Just so you know

All right. I have ideas. I think about stuff. So here is the spot for stuff I'm thinking about and want to be able to share more broadly and possibly promote. Like I have time for this.

Everything is provisional at this point and subject to change in the future - as far as the blog is concerned. In real life some things will remain unchanged.

Also, our children are not really named Lenny and Linus. We are not that cool.

Feel free to share, rant, disagree, but please remember that I'm an actual person who tries to be respectful. I'd love it if you are and do to.

Thursday, February 13, 2014

The Good Baby

I wrote this a few months ago.  I'm re-posting it onto this site in case it's helpful to someone. 

It happens without fail some time in the course of babyhood and has already happened once in Linus's life.  Someone who sees this sweet little baby, finds him charming and wants to be friendly and find out more about him asks "Is he a good baby?"  I pause just a little.  People who know me probably recognize a "look" on my face.

When Lenny was a baby my standard response was "The best kind."  If they asked what kind that was I'd say "human."  The most recent time, since it was someone I knew a little better and was having a longer conversation with than you'd expect to have say, in the grocery store, I said, "I usually think of babies as 'easy' and 'not easy.'  And no, he's not an easy baby.  I don't seem to have easy babies."

Now how I can really know what kind of babies I have a few weeks into the second one is a question for a different discussion.  The point now is why it bothers me when a kind, friendly community member wants to know if my baby is "good."  And since my "not easy" baby is waking up with a series of screams,  grunts and writhing gestures I'll hurry and try to answer it.

First of all, I think that what they really mean is "Does he sleep and eat on a regular (and not too frequent) schedule?  Can you put him down when he's awake and walk away?  Is he comforted quickly when he does get fussy?"  What I believe they are really asking is if he is an "easy" baby.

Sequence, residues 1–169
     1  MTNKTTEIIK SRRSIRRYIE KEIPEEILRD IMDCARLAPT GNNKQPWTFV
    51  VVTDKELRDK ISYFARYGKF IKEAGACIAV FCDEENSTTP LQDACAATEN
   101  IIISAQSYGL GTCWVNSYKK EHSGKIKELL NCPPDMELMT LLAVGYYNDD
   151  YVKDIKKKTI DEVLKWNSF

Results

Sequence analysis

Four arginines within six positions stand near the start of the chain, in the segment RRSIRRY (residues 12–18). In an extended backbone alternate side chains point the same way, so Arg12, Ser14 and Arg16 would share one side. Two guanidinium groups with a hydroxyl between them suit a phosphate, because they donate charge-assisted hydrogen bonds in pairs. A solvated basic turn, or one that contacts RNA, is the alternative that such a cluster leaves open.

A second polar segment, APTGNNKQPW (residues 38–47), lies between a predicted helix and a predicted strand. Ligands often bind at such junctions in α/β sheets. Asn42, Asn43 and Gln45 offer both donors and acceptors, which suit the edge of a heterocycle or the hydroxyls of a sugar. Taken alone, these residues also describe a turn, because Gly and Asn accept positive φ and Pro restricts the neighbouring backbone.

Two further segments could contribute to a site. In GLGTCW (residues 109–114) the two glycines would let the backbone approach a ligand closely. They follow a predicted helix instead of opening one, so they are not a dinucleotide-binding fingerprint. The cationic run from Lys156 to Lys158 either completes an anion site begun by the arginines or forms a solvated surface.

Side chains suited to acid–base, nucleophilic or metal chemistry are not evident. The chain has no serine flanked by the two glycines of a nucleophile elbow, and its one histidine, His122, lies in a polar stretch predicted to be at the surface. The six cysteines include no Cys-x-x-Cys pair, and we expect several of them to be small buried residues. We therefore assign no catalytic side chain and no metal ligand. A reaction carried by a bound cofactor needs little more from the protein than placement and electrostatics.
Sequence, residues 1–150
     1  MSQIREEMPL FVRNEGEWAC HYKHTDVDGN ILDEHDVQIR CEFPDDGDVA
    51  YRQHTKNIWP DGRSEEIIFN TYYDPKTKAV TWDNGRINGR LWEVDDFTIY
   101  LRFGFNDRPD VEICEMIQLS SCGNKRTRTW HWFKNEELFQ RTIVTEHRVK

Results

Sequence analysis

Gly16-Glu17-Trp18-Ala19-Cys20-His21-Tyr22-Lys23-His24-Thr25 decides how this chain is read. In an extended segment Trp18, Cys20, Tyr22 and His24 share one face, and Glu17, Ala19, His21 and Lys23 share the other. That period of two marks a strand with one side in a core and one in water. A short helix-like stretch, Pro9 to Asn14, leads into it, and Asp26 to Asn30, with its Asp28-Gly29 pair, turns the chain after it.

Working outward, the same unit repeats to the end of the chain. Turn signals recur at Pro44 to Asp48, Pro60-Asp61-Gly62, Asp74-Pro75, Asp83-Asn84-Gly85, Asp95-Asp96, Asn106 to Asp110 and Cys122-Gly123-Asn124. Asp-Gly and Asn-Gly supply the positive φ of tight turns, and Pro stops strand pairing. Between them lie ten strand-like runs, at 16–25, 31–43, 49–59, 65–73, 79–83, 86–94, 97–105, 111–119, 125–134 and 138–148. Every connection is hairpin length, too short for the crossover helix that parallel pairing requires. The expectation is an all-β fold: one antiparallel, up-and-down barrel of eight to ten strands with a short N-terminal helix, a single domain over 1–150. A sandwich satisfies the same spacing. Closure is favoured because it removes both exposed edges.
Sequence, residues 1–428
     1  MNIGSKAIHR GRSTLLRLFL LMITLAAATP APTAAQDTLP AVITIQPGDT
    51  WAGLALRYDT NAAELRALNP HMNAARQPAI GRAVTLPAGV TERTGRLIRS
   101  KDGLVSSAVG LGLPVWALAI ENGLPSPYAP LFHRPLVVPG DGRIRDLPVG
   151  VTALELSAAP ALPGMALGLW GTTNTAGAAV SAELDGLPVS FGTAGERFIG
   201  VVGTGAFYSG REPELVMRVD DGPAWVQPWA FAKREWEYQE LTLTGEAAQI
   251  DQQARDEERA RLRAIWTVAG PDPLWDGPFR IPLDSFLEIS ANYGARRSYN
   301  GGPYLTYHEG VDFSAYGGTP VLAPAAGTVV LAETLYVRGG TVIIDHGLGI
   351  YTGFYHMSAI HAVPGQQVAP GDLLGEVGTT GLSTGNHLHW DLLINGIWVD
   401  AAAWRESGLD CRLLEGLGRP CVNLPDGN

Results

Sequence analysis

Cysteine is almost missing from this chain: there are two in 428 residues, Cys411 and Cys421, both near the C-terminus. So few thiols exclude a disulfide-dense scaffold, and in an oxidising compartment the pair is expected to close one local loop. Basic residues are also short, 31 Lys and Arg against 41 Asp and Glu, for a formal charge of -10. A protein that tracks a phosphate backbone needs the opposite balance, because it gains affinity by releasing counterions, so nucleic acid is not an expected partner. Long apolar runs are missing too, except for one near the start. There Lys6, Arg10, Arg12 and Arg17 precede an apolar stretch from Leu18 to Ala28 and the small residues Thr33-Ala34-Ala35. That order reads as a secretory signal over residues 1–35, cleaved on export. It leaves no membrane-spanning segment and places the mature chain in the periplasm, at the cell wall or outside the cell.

But what they said was "good baby."  Which implies to me that if my baby nurses every two hours (max), wakes up even more frequently than that if I do something so strange as lay him down by himself, or screams almost every time he needs to move his bowels or pass gas, that he has already achieved a below average score on the "Good Baby Evaluation."  This is not, it seems, what any woman is hoping for when she pees on a stick and holds her breath while waiting for one line or two to appear in the little window.

Well, I'll admit that a baby who sleeps would be amazing and definitely easier!  But my baby's job is not, unfortunately, to make my job easy.  My baby is busy growing and developing and working his way through all the stages of babyhood in an amazingly short span of time.  He needs sleep and food and comfort, but unfortunately rarely on a schedule that's convenient for me.  That doesn't make him a "not good" baby.  Just a "not easy" baby.